With a core platform providing a consistency of experience, Facebook is well placed to aggressively invest in a next generation computing platform – based on augmented reality and Oculus. However, there are significant hurdles to overcome, even with a 10 year horizon. And that heavy investment will need to be focused around transforming the ungainly augmented reality hardware that limits the broad appeal of Oculus in order to avoid a fate similar to Google’s ill-conceived Glass.

Leaving that aside, Zuckerberg’s understanding of audience and scale and the commercial approach to technology and monetisation underpins both the investments and the product strategy. Turning his attention to Search and News Feed, he explained:

Some of the things like Search and some of these other products, this may sound a little ridiculous to say, but for us, products don’t really get that interesting to turn into businesses until they have about a 1 billion people using them. And so for Facebook, we’re there with News Feed and that’s why in the near term our priority is really around continuing to grow and serve that community and making sure that the business around News Feed and those mobile ads fully reach their potential. [my emphasis.]

Throwing these large numbers around seems trite until we break it down. Thinking through platforms at scale – with 1000 million people as a user base for several products at a time – means operating at a scale that few of us can imagine. In Zuckerberg’s own words:

But I do think that this is such a big opportunity ahead of us. I can’t think of that many other companies or products that have multiple lines of products that are on track to reach and connect 1 billion that have a clear path of how we can turn them into a business.

The path to 2025 has been laid out – and it looks like quite a journey ahead. But looking back to 2005 I could hardly imagine the 2015 we have in front of us. I’m guessing Facebook’s investors are consulting their psychics and calling on their resident futurists. And well they might, there’s certainly a lot at stake.

You can read the full transcript of the earnings call on SeekingAlpha.com.

The Surprising Truth about Transforming the Customer Experience with Digital

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Are your employees doing the right thing? Are your teams empowered to make the right decision for your customers? At the Constellation  Research Connected Enterprise conference, moderator, Esteban Kolsky, Board of Advisor, Constellation Research, grilled a panel of customer experience innovators on just how “digital” was transforming the customer experience.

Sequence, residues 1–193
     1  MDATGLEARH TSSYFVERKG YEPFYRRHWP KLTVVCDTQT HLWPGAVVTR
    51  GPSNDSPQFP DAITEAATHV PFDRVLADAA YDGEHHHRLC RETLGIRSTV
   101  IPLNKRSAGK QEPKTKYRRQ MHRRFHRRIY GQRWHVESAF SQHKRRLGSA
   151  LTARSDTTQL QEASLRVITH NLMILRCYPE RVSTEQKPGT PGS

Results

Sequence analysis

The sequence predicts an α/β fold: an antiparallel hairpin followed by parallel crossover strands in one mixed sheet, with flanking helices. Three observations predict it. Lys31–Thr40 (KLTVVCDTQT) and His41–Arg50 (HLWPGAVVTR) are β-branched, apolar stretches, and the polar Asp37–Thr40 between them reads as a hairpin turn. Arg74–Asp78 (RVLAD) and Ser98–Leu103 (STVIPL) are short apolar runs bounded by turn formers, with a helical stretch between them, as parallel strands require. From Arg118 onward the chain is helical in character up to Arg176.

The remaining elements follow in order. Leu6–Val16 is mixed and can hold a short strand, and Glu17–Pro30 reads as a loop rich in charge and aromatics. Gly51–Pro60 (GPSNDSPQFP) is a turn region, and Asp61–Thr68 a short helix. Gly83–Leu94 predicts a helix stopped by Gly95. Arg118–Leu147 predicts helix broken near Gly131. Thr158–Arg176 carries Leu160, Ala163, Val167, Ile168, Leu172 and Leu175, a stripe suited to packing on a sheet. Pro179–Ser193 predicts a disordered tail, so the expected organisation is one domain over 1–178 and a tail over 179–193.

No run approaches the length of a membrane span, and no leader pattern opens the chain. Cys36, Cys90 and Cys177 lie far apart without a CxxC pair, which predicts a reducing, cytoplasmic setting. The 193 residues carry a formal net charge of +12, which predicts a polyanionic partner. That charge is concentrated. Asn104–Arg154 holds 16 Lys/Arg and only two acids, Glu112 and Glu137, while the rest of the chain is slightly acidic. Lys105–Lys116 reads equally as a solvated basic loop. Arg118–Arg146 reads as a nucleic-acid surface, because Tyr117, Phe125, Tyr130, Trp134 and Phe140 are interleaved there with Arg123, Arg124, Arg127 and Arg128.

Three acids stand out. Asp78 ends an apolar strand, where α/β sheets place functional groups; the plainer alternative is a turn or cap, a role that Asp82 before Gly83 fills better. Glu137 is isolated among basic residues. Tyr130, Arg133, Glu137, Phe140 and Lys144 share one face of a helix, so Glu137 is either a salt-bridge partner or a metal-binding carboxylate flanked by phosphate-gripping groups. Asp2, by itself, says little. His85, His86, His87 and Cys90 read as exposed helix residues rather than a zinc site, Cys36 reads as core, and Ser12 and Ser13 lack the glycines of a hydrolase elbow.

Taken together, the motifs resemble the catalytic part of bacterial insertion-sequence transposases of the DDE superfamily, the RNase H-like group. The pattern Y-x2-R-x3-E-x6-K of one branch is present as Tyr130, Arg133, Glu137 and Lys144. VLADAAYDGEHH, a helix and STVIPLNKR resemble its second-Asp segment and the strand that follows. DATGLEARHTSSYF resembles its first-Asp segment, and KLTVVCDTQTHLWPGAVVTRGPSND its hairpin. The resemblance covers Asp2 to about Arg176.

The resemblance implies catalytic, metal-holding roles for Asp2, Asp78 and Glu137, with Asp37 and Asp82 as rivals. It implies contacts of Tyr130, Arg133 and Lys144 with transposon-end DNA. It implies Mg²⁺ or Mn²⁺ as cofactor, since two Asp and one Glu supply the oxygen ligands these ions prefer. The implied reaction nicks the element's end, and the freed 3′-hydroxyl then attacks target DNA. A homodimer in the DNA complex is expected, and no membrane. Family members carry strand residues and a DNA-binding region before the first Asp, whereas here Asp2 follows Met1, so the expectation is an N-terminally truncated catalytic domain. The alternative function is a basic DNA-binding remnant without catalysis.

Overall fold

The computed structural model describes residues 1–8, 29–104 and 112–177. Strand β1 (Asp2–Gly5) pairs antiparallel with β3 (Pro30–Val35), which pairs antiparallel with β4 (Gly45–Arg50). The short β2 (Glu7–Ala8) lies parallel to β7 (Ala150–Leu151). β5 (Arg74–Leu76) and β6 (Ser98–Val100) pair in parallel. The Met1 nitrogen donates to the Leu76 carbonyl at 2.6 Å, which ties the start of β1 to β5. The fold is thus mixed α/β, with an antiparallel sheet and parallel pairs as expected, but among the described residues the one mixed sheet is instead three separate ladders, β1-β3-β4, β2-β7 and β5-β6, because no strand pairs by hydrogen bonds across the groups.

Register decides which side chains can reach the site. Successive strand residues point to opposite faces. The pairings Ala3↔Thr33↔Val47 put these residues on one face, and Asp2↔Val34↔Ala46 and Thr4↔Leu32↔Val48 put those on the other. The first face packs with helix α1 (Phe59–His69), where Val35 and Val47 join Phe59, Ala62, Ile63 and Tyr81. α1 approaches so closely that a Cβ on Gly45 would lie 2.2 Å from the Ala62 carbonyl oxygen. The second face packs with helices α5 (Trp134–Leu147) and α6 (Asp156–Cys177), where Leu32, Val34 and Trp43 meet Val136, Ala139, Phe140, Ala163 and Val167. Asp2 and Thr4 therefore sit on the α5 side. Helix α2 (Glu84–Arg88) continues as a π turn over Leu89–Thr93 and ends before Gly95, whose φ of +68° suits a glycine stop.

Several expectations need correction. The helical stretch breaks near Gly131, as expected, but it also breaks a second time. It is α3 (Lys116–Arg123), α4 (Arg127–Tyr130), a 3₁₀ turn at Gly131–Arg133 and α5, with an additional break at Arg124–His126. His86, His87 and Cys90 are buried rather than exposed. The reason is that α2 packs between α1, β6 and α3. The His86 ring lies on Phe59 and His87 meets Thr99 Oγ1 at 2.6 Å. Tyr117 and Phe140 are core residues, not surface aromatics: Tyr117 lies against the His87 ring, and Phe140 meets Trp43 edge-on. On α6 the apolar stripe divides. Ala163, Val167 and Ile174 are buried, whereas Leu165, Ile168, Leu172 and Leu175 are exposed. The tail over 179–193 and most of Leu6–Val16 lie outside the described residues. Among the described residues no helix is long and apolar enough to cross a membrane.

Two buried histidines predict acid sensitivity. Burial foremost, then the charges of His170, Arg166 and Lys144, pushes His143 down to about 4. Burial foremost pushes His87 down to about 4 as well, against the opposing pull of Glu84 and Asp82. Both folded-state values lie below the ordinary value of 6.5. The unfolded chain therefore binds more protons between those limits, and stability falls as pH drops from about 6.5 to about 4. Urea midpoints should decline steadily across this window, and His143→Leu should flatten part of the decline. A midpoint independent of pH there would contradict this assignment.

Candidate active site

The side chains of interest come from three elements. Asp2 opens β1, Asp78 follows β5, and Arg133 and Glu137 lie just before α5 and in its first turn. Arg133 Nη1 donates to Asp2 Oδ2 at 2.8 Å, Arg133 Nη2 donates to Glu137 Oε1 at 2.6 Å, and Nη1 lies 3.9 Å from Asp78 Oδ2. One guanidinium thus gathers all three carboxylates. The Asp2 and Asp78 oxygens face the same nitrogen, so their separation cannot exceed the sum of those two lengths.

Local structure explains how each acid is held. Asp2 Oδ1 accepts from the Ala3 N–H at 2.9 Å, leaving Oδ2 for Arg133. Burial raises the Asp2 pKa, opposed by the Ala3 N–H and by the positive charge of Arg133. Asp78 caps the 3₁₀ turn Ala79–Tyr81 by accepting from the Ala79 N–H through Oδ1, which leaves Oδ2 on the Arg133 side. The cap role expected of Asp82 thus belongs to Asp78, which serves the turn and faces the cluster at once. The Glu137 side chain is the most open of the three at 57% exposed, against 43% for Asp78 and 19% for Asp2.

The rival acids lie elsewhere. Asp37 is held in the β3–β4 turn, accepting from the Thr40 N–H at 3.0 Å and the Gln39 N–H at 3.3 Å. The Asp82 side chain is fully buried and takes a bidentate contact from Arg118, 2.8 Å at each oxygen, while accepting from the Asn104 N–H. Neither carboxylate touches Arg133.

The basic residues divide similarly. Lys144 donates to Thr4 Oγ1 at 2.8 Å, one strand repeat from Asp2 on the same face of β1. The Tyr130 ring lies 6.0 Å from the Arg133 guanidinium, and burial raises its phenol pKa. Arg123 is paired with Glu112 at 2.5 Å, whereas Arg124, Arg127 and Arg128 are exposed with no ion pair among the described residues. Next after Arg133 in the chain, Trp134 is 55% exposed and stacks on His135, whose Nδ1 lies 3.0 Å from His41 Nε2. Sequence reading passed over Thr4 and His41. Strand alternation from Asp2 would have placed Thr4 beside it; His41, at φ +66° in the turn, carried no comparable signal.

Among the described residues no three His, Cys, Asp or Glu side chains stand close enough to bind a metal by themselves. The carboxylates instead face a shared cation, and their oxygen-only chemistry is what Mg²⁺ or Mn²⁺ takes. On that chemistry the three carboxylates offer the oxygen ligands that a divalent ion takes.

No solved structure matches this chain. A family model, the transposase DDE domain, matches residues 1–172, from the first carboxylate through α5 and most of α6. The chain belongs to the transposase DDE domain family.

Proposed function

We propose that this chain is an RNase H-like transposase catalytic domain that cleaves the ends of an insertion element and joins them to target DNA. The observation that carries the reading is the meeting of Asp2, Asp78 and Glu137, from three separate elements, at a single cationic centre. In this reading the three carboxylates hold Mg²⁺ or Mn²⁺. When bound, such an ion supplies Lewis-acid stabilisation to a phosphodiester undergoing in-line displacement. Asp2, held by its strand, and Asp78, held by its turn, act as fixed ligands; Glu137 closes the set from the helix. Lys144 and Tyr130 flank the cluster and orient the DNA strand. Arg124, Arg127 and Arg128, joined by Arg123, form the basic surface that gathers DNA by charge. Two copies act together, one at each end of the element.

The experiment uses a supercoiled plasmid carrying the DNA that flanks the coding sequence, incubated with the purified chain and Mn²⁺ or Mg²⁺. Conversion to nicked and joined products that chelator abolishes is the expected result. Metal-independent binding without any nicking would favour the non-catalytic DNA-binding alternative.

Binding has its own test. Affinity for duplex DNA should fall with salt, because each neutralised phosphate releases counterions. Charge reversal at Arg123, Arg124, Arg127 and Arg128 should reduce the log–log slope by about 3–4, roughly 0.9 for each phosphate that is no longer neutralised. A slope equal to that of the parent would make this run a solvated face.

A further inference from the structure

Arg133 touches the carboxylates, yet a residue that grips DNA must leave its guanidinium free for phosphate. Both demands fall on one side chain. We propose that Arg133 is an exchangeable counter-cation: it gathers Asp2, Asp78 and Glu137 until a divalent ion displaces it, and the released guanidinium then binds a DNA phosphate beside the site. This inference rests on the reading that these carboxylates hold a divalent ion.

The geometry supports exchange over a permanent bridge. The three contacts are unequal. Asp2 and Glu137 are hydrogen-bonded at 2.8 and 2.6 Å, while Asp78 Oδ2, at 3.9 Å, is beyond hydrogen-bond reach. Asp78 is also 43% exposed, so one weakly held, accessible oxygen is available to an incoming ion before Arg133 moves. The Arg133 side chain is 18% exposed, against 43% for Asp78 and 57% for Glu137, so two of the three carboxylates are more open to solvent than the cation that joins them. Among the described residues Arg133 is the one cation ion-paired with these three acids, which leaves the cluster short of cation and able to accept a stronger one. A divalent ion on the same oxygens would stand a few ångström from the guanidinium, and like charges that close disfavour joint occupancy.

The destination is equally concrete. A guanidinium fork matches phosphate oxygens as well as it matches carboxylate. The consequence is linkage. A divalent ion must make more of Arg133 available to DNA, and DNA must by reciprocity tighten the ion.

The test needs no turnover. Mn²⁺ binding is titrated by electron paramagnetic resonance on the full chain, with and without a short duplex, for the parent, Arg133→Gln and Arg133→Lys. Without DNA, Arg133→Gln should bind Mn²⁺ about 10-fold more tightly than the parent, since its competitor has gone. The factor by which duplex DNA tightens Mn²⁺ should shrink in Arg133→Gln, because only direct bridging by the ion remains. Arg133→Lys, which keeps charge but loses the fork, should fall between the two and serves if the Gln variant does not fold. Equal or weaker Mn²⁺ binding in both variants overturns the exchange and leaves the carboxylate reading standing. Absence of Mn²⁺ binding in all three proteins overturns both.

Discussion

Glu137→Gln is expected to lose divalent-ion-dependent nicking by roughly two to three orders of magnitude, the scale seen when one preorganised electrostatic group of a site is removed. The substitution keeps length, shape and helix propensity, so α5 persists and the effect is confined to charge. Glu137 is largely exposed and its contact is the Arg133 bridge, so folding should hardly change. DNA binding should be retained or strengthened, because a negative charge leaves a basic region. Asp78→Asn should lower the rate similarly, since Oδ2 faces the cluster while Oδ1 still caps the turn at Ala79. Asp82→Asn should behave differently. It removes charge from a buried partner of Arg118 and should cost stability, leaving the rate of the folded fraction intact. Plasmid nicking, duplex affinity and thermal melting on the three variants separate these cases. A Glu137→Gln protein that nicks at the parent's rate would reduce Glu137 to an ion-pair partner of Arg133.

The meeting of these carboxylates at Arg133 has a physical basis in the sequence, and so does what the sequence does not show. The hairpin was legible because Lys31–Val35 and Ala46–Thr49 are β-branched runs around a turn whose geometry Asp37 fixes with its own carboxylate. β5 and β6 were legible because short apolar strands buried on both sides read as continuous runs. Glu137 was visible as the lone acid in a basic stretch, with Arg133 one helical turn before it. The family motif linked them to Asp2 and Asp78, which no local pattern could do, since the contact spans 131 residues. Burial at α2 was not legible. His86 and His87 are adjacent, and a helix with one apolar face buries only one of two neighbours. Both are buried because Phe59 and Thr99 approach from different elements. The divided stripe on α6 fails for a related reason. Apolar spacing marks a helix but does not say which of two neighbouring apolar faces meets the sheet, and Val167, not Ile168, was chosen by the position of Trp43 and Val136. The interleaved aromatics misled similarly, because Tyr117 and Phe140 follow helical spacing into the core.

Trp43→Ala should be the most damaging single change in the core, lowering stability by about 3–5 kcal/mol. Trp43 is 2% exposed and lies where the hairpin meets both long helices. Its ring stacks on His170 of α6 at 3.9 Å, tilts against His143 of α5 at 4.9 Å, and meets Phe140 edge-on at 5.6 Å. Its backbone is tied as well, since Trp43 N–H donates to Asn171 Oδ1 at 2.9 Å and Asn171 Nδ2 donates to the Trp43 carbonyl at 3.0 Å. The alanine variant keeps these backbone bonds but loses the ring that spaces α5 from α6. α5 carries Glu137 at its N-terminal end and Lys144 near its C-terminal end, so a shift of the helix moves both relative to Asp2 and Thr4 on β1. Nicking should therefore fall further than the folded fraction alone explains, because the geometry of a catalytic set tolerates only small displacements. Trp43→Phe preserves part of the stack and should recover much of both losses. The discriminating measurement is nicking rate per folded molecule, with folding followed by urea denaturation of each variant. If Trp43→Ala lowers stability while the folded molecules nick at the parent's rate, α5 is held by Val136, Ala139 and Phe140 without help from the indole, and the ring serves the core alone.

The panel included:

  • Dan Steinman, Chief Customer Officer, Gainsight
  • George Wright, Senior Vice President and General Manager, Thunderhead
  • Howard Tarnoff, Senior Vice President, Ceridian
  • Dave Pennington, Principal, Business Strategy, Microsoft.

It’s a great, short video with a few surprises. Some of my favourite quotes:

  • There’s no such thing as a sales process – there’s only a buying experience
  • It’s time for marketing to shut up
  • What’s the next disruptive thing? It’s engagement
  • The days of the check-in call are over
  • It’s not all about the data
  • Engagement doesn’t mean offer management

The Surprising Truth

But the most interesting thing to me was the focus on culture. We see it over and over again – and it is the most difficult challenge for organisations. While you can buy technology, you can’t buy the hearts, minds and engaged focus of your employees.

And while they may have all the customer data ever needed, without the right focus, support and attitude, you still won’t get the sale.

Need to harmonise your approach? Or bring technology and people together? We can help.